CHAPTER I A PROBLEM
"Where are the children?"
"They can't be far away," replied my wife, looking up from her preparations for supper. "Bobsey was here a moment ago. As soon as my back's turned he's out and away. I haven't seen Merton since he brought his books from school, and I suppose Winnie is upstairs with the Daggetts."
"I wish, my dear, you could keep the children at home more," I said, a little petulantly.
"I wish you would go and find them for me now, and to-morrow take my place—for just one day."
"Well, well," I said, with a laugh that had no mirth in it; "only one of your wishes stands much chance of being carried out. I'll find the children now if I can without the aid of the police. Mousie, do you feel stronger to-night?"
These words were spoken to a pale girl of fourteen, who appeared to be scarcely more than twelve, so diminutive was her frame.
"Yes, papa," she replied, a faint smile flitting like a ray of light across her features. She always said she was better, but never got well. Her quiet ways and tones had led to the household name of "Mousie."
As I was descending the narrow stairway I was almost overthrown by a torrent of children pouring down from the flats above. In the dim light of a gas-burner I saw that Bobsey was one of the reckless atoms. He had not heard my voice in the uproar, and before I could reach him, he with the others had burst out at the street door and gone tearing toward the nearest corner. It seemed that he had slipped away in order to take part in a race, and I found him "squaring off" at a bigger boy who had tripped him up. Without a word I carried him home, followed by the jeers and laughter of the racers, the girls making their presence known in the early December twilight by the shrillness of their voices and by manners no gentler than those of the boys.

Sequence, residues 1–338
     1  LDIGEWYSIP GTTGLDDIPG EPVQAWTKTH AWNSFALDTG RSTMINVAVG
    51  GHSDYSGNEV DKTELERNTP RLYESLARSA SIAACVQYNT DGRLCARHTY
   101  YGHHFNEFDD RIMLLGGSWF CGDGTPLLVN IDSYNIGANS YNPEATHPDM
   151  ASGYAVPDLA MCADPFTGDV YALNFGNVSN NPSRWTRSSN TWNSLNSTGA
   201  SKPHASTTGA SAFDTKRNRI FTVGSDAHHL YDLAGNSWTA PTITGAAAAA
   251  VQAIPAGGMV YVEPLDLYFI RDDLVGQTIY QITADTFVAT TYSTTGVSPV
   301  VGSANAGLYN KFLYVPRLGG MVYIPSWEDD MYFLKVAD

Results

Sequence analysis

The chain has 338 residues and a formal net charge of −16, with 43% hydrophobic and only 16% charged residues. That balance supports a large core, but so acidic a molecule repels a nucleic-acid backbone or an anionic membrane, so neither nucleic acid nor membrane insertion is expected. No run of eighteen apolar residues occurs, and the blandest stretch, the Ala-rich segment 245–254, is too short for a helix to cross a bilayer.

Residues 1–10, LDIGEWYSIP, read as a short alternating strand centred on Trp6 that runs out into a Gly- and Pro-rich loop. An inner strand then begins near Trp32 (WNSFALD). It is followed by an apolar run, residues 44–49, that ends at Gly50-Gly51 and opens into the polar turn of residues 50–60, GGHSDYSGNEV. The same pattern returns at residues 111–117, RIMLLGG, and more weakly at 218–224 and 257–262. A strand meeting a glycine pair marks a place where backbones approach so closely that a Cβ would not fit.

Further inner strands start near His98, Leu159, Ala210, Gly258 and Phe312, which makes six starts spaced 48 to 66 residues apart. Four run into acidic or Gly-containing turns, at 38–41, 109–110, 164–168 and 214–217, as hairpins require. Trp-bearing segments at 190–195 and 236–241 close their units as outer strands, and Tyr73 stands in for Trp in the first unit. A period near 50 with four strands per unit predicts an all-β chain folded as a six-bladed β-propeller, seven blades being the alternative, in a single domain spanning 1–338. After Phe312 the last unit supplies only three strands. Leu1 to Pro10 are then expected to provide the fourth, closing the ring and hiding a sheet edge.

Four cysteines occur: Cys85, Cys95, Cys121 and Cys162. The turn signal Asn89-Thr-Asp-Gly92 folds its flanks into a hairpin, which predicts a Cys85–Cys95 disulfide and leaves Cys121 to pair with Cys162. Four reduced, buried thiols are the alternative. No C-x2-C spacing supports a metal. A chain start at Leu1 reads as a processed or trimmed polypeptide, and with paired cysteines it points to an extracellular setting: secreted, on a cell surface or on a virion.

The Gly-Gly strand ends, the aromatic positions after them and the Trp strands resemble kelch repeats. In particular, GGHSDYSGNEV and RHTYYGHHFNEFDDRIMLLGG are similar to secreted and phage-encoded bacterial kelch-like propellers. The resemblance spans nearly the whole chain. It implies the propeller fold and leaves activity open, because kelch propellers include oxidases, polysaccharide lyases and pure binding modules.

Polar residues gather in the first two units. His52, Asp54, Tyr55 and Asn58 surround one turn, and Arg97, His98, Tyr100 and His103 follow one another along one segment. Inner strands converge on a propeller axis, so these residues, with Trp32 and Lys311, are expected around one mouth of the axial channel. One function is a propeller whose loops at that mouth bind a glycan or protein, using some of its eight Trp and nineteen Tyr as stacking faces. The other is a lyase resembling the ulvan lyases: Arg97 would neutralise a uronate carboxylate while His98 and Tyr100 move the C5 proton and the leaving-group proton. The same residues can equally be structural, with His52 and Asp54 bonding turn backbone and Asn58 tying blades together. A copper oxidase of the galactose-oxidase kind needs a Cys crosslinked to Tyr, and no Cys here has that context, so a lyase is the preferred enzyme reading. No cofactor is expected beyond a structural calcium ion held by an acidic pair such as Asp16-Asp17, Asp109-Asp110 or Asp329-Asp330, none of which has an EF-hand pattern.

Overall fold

I put down the child—he was only seven years of age—in the middle of our general living-room, and looked at him. His little coat was split out in the back; one of his stockings, already well-darned at the knees, was past remedy; his hands were black, and one was bleeding; his whole little body was throbbing with excitement, anger, and violent exercise. As I looked at him quietly the defiant expression in his eyes began to give place to tears.
"There is no use in punishing him now," said my wife. "Please leave him to me and find the others."
"I wasn't going to punish him," I said.
"What are you going to do? What makes you look at him so?"
"He's a problem I can't solve—with the given conditions."
"O Robert, you drive me half wild. If the house was on fire you'd stop to follow out some train of thought about it all. I'm tired to death. Do bring the children home. When we've put them to bed you can figure on your problem, and I can sit down."
As I went up to the Daggetts' flat I was dimly conscious of another problem. My wife was growing fretful and nervous. Our rooms would not have satisfied a Dutch housewife, but if "order is heaven's first law" a little of Paradise was in them as compared to the Daggetts' apartments....